Thursday, November 22, 2007
Sayat Nova; drama, Armenia / Russia, 1968; D: Sergei Parajanov, S: Sofiko Chiaureli, Melkon Aleksanyan, Vilen Galstyan, Giorgi Gegechkori, Spartak Bagashvili, Medea Djaparidze
In 8 chapters does the film suggestively follow the Armenian poet Sayat Nova who lived in the 18th Century. The film follows his childhood, adolescence, his way to a monastery and death, but instead of a clear, linear or even logical biopic, director Sergei Parajanov decided to craft it as an avant-garde film. Firstly, there is no clear story but just a mass of abstract images, which is obvious already in the exposition: an open book shows up in the shot, followed by three apples and a knife from which red liquid drips and spills on a white sheet. The viewer is stimulated to draw either his own interpretations of the symbolical power of the birth of an artistic soul or either to simply enjoy the weird spectacle. Secondly, the main hero, if we exclude singing, doesn't say a single line throughout the entire film!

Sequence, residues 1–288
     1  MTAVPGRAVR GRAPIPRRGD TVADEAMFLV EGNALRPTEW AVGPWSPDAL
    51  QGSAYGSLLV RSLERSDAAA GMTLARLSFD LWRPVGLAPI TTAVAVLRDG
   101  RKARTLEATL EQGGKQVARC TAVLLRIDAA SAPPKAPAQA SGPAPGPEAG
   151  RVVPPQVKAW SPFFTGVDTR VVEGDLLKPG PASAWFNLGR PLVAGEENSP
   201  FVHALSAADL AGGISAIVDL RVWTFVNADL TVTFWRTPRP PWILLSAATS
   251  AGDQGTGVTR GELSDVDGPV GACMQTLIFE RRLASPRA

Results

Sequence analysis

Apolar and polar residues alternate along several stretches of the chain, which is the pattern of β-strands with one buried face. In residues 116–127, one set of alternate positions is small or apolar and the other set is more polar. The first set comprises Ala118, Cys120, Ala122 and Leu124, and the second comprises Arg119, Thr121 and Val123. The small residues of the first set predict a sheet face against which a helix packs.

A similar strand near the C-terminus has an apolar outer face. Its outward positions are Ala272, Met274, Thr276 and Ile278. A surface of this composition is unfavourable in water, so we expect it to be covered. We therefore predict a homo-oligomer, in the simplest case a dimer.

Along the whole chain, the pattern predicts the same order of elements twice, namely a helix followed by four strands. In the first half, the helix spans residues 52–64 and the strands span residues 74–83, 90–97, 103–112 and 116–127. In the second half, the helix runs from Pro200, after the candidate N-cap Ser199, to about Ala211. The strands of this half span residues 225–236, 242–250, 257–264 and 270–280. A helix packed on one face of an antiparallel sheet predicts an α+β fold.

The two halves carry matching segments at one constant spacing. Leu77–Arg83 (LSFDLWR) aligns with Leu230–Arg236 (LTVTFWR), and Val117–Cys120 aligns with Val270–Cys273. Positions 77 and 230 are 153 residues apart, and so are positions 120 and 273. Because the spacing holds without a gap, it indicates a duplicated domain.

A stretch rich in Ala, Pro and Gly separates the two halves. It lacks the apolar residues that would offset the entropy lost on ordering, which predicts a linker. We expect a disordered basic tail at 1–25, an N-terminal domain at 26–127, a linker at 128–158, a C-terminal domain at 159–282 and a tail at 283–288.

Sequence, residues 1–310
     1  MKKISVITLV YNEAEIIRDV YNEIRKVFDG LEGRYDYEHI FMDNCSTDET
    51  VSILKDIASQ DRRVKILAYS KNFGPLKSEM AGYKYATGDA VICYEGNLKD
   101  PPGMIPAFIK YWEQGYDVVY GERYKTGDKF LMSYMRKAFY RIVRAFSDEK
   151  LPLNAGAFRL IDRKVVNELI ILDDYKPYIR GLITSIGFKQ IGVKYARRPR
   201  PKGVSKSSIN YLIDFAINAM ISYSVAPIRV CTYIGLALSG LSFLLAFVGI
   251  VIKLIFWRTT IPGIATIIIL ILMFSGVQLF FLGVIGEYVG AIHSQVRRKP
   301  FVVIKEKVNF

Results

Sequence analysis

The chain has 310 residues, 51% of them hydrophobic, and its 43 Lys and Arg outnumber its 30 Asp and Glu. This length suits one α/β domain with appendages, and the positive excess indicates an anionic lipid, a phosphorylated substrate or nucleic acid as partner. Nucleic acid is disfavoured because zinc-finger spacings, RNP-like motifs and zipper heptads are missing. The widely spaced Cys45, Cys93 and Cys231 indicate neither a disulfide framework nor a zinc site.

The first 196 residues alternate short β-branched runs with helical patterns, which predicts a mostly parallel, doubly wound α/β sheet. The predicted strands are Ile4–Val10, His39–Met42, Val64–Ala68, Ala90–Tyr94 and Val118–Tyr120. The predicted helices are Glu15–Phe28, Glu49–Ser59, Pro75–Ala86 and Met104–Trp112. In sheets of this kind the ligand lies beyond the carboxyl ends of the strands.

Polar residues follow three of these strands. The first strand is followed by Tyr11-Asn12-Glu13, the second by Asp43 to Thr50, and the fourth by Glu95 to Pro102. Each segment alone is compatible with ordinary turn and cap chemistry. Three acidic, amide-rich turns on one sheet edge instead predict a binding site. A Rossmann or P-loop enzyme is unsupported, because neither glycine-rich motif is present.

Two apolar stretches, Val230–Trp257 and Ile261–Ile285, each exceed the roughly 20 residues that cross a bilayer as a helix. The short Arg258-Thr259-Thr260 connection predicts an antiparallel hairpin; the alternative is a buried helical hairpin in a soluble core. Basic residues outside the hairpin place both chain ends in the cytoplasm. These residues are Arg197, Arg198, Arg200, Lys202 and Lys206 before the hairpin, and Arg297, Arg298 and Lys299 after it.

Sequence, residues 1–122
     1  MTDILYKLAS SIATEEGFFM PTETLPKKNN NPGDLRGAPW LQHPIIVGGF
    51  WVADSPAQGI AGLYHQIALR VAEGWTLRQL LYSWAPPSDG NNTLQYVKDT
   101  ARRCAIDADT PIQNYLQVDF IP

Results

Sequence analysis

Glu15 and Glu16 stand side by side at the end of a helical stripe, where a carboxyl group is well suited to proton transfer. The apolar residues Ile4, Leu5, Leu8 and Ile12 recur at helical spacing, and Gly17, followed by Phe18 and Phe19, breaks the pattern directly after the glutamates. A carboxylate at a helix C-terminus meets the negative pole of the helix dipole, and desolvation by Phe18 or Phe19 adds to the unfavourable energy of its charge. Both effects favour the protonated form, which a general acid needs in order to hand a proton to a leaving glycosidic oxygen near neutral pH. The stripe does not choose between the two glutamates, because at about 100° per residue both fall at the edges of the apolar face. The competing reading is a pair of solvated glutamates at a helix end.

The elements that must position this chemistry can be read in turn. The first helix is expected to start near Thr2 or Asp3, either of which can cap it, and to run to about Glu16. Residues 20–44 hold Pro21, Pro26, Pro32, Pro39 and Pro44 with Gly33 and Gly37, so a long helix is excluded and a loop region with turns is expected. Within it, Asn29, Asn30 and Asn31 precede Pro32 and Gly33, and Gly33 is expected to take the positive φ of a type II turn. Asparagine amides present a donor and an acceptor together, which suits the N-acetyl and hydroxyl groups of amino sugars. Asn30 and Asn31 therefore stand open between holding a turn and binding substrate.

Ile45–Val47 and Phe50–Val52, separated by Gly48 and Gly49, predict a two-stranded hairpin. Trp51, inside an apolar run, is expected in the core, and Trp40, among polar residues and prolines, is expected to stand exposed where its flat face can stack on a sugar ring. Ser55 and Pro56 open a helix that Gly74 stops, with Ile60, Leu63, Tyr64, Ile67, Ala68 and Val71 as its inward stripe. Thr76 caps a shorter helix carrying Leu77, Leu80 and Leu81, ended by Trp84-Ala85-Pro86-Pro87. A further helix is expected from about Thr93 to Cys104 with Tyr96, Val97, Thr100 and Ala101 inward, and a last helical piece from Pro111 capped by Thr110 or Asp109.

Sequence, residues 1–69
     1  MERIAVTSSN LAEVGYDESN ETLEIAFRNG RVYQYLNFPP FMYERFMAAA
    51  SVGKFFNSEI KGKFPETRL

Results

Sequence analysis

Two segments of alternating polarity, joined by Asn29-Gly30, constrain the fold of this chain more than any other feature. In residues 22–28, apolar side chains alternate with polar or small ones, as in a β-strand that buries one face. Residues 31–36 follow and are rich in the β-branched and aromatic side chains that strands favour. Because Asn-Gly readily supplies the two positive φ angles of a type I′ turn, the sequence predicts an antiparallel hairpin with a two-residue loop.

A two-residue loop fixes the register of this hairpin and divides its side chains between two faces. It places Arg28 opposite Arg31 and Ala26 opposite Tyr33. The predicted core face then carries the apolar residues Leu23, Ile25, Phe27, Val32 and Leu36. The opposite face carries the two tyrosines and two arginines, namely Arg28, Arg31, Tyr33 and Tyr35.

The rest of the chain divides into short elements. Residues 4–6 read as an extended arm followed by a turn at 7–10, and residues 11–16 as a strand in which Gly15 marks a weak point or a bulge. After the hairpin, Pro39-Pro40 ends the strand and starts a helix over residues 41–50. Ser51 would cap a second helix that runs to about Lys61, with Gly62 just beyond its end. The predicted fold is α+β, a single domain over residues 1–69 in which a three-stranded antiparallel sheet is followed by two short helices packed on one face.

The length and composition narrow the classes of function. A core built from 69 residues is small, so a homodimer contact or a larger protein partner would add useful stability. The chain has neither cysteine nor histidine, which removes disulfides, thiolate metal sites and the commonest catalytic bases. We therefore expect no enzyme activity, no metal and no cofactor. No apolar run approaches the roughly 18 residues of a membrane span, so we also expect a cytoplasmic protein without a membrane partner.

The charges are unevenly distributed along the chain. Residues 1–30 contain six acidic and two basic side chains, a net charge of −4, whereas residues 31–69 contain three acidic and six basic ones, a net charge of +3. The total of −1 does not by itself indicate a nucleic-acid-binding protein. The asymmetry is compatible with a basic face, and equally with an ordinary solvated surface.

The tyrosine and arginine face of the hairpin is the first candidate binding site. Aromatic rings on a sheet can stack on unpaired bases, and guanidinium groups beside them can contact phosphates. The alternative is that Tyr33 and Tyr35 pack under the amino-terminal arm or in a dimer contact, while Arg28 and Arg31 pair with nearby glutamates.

Obviously Parajanov decided to describe his life with symbols, not dialogues, and masterful shot composition. Everything is filled with surreal scenes: a horse passes by Sayat as a boy and his parents who look directly in the camera. Sayat the boy meets Sayat the adult. The adult Sayat looks directly in the camera while holding a skull in his arm, while in the background the wind is moving the pages of a book on the floor. Some woman holds a veil above her eyes. Sayat digs a grave while surrounded by sheeps. When he dies white roosters fall by him and tip the candles on the ground. "Sayat Nova" isn't a film for all those viewers who are not in the mood for "heavy fun", but a strange labyrinth and it would be very interesting to see how the screenplay looked like since there are practically no words in it. The result is a film that's incomprehensible, thin, weird and artificial, causing it even to get banned in the Soviet Union back in those days, but it's somehow pure genius.